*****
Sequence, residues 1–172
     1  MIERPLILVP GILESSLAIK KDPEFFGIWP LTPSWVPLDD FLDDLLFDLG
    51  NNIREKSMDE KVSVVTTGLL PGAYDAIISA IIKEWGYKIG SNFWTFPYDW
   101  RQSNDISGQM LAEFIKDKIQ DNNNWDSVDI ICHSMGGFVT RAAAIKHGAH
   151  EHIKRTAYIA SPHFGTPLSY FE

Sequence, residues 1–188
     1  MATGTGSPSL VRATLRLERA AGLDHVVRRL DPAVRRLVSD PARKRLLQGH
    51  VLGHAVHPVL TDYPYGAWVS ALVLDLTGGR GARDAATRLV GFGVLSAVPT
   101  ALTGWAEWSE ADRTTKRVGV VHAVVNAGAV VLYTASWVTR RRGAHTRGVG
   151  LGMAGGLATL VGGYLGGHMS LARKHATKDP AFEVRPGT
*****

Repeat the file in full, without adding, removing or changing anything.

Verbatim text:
Sequence, residues 1–172
     1  MIERPLILVP GILESSLAIK KDPEFFGIWP LTPSWVPLDD FLDDLLFDLG
    51  NNIREKSMDE KVSVVTTGLL PGAYDAIISA IIKEWGYKIG SNFWTFPYDW
   101  RQSNDISGQM LAEFIKDKIQ DNNNWDSVDI ICHSMGGFVT RAAAIKHGAH
   151  EHIKRTAYIA SPHFGTPLSY FE

Sequence, residues 1–188
     1  MATGTGSPSL VRATLRLERA AGLDHVVRRL DPAVRRLVSD PARKRLLQGH
    51  VLGHAVHPVL TDYPYGAWVS ALVLDLTGGR GARDAATRLV GFGVLSAVPT
   101  ALTGWAEWSE ADRTTKRVGV VHAVVNAGAV VLYTASWVTR RRGAHTRGVG
   151  LGMAGGLATL VGGYLGGHMS LARKHATKDP AFEVRPGT